sister is a verb
Religions Are Like Hats
One of my favorite things to do when someone makes a sexist comment regarding one of my kids (“I bet she’ll pick out an all pink princess cake for her birthday, won’t she?” ”He won’t like books like that, it’s for girls.” ”That must just be a boy thing.” “That’s such a girl thing.”) is to look confused for a moment, then simply ask, “Why?”
I’ve found people tend to tune out lectures or arguments about forced gender roles (plus, the dentists office isn’t really an ideal place to go on a rant), but perhaps asking people to question themselves and their beliefs/ideas for a moment could lead to small changes. Why?
Sometimes they back track, sometimes they hesitate, sometimes they admit they don’t know, sometimes they dig their heels in and restate their claim, but for a brief second they considered Why? Why do I believe that?
We all have to start somewhere. ~JJ
Spread this shit like wildfire
OH NOES! I HAVE BEEN UNFOLLOWED BY AN ANTI-VAXXER!
Sorry to dump the rains of reason down on your intellectual bonfire here, but if the shoe fits, by all means, wear it. If you want to deny facts and science, that’s your business, until you’re putting other people’s lives at risk. Which you are. Should any of your children get an illness preventable by a vaccine you blithely skipped, I hope you’re charged with child abuse. If they don’t survive, I hope you’re criminally charged with their deaths.
However, I don’t wish any of that on your family, because it happened to my grandparents. My Aunt Sharon died before her tenth birthday of polio, shortly before the vaccine was introduced. My grandparents saw their firstborn go from a vibrant young girl to a shell incapable of breathing without an iron lung. My grandmother never really talked about her much. Having lost your child in such a horrific way is nothing I’d want to wish on anyone, but you’ve apparently made peace with it. Good for you!
You should meet Kathryn Riffenburg. Her nine-week-old son died of whooping cough, an easily preventable disease that he was unable to be vaccinated for because he was too young. Previously, herd immunity protected wee ones like him. Instead, his mother chose a closed casket funeral because the suffering his little body endured made him unrecognizable.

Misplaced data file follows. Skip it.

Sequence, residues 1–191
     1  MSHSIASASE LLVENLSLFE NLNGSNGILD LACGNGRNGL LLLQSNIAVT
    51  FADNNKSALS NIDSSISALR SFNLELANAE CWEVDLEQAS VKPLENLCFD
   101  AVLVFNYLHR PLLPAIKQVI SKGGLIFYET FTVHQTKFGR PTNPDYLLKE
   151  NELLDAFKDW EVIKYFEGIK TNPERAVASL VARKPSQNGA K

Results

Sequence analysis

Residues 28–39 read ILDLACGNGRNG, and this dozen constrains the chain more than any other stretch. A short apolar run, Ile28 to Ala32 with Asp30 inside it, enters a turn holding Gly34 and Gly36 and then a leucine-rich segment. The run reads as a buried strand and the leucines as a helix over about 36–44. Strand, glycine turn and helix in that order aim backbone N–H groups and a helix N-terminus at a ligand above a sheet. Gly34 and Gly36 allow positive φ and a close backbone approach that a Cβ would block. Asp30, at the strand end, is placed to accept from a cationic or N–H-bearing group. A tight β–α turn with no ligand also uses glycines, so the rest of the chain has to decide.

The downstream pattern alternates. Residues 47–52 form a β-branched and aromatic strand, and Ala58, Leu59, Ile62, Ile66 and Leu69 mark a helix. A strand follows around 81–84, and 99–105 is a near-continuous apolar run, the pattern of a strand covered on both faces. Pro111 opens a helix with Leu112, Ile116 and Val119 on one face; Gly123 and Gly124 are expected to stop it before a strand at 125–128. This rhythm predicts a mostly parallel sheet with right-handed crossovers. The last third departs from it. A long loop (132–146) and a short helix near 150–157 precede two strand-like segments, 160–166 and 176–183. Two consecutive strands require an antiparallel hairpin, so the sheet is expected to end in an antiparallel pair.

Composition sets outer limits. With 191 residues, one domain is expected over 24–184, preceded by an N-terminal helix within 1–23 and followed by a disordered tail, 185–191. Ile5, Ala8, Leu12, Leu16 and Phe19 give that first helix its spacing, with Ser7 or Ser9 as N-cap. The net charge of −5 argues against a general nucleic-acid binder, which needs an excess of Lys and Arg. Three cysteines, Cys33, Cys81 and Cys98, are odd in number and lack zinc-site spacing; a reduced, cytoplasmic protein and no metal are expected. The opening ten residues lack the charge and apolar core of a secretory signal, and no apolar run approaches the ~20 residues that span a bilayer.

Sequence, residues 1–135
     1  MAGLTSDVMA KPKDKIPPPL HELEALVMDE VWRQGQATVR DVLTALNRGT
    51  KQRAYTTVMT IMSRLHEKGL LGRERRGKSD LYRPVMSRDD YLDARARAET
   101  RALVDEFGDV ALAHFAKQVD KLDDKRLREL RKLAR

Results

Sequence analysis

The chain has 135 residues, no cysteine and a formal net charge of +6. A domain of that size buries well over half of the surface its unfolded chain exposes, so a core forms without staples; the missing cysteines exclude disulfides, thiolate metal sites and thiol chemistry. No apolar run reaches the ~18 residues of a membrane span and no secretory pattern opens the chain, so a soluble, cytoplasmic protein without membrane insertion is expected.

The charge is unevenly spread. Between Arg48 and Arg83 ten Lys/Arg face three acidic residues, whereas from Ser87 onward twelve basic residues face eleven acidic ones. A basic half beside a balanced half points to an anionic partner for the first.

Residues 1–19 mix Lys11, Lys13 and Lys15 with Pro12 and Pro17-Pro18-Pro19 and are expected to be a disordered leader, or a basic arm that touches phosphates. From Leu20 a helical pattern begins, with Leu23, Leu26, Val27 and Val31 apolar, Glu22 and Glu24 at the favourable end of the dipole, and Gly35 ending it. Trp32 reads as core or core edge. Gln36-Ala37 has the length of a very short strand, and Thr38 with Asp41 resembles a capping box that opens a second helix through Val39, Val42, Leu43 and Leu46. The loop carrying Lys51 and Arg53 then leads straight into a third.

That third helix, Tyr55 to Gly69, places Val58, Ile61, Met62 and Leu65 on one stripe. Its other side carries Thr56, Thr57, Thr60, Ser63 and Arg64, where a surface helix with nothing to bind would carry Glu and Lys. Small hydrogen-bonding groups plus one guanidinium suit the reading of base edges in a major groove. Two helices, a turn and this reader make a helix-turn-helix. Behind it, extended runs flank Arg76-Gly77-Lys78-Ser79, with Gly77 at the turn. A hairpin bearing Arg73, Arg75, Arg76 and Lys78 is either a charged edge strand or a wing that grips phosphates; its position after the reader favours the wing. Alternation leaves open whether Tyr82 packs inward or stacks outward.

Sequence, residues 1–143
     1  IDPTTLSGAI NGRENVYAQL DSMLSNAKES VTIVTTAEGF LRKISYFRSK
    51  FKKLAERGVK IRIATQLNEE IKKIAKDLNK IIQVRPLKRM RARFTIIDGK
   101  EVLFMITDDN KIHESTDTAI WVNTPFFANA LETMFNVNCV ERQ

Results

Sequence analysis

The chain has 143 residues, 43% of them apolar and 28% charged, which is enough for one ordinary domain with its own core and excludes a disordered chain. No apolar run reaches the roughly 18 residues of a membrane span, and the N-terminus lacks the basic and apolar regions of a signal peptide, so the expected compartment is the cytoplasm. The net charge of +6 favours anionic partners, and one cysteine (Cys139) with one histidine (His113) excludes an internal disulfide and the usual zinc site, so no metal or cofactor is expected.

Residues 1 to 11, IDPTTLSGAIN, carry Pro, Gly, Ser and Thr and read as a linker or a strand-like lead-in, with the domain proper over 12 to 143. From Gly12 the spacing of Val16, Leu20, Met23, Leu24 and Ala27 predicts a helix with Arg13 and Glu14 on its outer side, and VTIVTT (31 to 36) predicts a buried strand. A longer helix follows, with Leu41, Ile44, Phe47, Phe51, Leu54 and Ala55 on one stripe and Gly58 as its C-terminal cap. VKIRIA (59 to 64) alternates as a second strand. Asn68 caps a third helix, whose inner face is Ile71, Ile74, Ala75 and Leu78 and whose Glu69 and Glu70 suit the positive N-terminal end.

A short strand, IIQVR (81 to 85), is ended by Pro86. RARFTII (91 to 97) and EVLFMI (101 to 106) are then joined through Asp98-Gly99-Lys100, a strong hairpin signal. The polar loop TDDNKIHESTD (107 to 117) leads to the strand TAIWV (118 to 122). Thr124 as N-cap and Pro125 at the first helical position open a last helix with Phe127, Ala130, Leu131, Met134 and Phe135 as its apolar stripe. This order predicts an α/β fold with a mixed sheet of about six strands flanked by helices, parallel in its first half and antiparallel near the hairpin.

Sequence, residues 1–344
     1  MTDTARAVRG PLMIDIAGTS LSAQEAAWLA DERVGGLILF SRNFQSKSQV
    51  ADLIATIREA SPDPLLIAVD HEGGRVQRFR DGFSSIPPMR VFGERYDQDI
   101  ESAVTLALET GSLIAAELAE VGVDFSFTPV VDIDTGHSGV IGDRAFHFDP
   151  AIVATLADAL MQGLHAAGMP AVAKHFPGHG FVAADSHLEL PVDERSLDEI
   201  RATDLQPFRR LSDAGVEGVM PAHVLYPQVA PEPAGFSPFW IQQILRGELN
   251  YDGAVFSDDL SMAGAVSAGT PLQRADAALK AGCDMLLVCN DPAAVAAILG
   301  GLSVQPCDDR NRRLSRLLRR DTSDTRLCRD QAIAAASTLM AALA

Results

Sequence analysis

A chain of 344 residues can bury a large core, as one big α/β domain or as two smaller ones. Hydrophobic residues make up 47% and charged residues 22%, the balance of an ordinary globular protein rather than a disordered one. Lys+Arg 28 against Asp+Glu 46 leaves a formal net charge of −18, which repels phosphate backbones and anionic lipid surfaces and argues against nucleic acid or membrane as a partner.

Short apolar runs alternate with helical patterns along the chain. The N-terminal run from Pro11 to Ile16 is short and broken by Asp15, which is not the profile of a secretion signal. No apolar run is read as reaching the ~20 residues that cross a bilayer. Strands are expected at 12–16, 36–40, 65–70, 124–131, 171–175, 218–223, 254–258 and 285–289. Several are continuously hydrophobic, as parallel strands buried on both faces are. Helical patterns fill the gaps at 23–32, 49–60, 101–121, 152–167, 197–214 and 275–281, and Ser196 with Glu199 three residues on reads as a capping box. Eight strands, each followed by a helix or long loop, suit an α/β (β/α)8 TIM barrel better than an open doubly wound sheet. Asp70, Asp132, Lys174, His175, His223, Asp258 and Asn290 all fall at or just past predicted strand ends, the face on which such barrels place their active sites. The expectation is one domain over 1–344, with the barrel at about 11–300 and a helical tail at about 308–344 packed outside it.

But I suppose his death was just a scare tactic, yeah? And about Big Pharma supposedly making a profit off of vaccines — it’s much more profitable for you and yours to be UNVACCINATED, what with so many serious illnesses requiring long-term, chronic care having been virtually eliminated — until now. So maybe YOU’RE the tool of Big Pharma! DUN-DUN-DUN!
Or maybe you’re just a big tool. Hopefully, this whole going irresponsibly unvaccinated thing works out for your family and you’re never left sitting at a gravesite wondering why you thought it was a-OK to play Russian roulette with your child’s life. One in 1,000 who get measles will die. I suppose it’s more likely than not that you’ll be lucky, but I’d also venture that not everyone who would come into contact with your
walking disease vectorschildren would share the same luck.
In summary, if you ever accidentally follow me again, here’s a handy guide:
Oh sweet jeebus, I’m still getting messages from people like this. Y’all can take several seats, because none of you will change my mind on how irresponsible it is to leave your spawn unvaccinated.
Ummm… so this vaccination info-rant is WAY better than the mini one I posted this morning. <3 <3 <3 <3 <3
One of my kindergarten boys kept hugging another boy in class. The hugger was smiling big time, and just trying to show the other boy that he cared for him. The huggee was noticeably uncomfortable at times.
Me: John*, I don’t think Sam* wants you to keep hugging him.
Me: Well, he isn’t smiling while you hug him. *John looks at Sam and back to me, inquisitively* Do you like to blow bubbles, John?
John: I love to!
Me: So do I. As people, we have a type of bubble around us, but it’s not a bubble we can see. We let some people that we really love come into our bubble, but we keep some people out of it. When you just hug someone without them saying it’s ok, you’re popping their bubble, which isn’t a very nice thing to do.
Sam: I have a bubble?
Me: Yep! And, if someone gets too close to you, or touches you when you don’t want them to, you can just tell them “you’re in my bubble”, and they’ll know to back away. *turning to John* If someone tells you to stay out of their bubble, you have to listen.
John: Or I’ll pop it?
Me: You got it.
Later, I saw John hugging Sam again, and I went over to say something. John looked at me and said, “He said I could be in his bubble, now!” and Sam just nodded with a big smile.
I want to thank my friend JJ for giving me the courage to teach complex ideas to children. I don’t know if this lesson will last, but it’s one we can continue to talk about.
In the Buffy world 20-30 years from now, would Buffy and Faith be friends, get along, would they be sick of eachother by then? Ohhhh let’s go there (x)
How can one not love Fry.
my feminism isn’t second-wave or third-wave, it’s new wave. join me as I sing about gender stereotyping and intersectionality over a melodic synth line
whenever i see these post-apocalyptic films set in the USA where everyone is pretty much just killing each other with no mention of other nations i always just assume that the rest of the world is fine and has learnt how to resume life as normal